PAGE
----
Another lecture at “Digital Experience Day,” titled “Connecting a Fragmented World,” focused on how marketers can maximize their advertising ROI through cross-channel media planning. According to Compete in 2008, internet users visited 77% more websites on a regular basis than they did 5 years prior. This sense of fragmentation, of users splitting up usage among a greater number of media, makes the usual job of media buyers more difficult as we attempt to “hunt down” our target audience.
Our success or failure has been commonly measured by the all-important Return on Ad Spend (ROAS). ROAS measures the efficacy of an ad campaign by calculating the revenue generated as a result of money spent on the campaign. Yet, as experts know, this metric says little about whether customer interaction actually translates into a sale of the product. This one-dimensional unit of measure does little to capture or track customer interaction with the ad, or really gauge a full-scale cross-channel campaign. In a sense, comparing ROAS’s for a multitude of sites is a symptom of media fragmentation, measuring media in pieces, more than it demonstrates how a campaign can transcend multiple sites or media sources to cultivate top of mind awareness or ROI (read: SALES) for the brand.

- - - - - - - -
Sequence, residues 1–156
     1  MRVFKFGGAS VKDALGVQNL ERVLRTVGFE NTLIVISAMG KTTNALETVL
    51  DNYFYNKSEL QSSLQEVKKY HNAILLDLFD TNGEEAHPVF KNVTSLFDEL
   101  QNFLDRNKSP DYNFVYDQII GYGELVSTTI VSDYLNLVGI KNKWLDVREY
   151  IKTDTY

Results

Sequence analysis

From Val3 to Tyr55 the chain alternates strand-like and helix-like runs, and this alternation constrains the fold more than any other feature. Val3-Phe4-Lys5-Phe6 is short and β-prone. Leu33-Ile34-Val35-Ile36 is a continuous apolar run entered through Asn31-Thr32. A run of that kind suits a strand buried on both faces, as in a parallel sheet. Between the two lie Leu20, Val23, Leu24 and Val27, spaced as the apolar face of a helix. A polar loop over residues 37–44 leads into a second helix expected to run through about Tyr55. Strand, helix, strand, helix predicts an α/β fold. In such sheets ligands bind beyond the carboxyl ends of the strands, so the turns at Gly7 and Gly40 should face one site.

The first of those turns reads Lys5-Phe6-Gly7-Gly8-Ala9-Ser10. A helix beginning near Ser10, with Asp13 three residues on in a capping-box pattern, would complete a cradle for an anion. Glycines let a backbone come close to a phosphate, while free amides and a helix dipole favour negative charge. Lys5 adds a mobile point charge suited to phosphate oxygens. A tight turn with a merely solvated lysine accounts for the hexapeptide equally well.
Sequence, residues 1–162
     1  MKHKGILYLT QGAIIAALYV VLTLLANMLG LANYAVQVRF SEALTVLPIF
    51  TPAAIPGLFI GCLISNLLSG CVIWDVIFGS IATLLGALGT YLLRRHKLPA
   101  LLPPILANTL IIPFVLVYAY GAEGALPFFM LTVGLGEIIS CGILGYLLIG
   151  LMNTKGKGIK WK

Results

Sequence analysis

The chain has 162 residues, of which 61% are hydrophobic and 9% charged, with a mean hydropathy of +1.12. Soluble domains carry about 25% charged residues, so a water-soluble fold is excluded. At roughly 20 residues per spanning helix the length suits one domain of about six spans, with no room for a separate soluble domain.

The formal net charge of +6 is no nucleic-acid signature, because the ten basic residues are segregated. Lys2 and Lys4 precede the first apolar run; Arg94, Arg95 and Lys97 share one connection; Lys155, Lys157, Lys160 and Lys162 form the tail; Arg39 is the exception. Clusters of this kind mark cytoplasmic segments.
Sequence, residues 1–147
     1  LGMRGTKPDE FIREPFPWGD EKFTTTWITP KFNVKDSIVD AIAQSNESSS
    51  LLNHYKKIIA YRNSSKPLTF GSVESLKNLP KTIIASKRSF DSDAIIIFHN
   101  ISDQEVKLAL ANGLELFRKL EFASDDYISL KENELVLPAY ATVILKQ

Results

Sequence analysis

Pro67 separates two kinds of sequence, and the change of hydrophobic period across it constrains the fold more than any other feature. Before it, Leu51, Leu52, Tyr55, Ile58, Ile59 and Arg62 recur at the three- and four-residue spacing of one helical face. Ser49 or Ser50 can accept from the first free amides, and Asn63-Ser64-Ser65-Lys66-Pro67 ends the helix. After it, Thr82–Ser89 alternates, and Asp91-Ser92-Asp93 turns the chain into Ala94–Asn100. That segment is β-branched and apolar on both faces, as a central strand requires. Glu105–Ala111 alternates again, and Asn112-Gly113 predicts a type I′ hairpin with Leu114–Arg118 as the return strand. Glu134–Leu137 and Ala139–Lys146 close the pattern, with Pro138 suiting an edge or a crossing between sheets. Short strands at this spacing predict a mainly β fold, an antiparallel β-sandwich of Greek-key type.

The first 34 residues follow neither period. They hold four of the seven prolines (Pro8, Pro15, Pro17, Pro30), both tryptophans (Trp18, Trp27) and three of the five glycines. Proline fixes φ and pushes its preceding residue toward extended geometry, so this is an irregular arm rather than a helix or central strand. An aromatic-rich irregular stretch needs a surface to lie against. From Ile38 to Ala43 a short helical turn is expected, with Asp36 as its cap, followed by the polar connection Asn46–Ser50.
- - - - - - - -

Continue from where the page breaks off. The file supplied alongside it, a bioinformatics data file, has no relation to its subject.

What is needed is not only a more holistic system of metrics that accounts for return on investment, but a cross-channel view of the campaign’s overall effectiveness. For example, it is well known that digital display ads not only generate click-throughs, but that they bring a significant lift in brand-name search to boot.
Discussion in recent years suggests that the most effective strategy for marketing success is cross-channel integration between search and display, online and off. One firm claimed that, by combining search and display, their customers witnessed a 43% increase on in-store conversions. Yet full-service media buying firms know that true cross-channel integration between media—online and offline, local and global—reaps the greatest rewards over time and works to build bullet-proof brands that can withstand tough economic times. Media fragmentation will only continue as user sophistication advances. Media fragmentation is not a problem, it is a reality. Only media buyers that grasp how to transcend traditional media placement to cultivate a brand dialogue will see beyond the “problem” to leverage user sophistication and do justice to the brands they serve.
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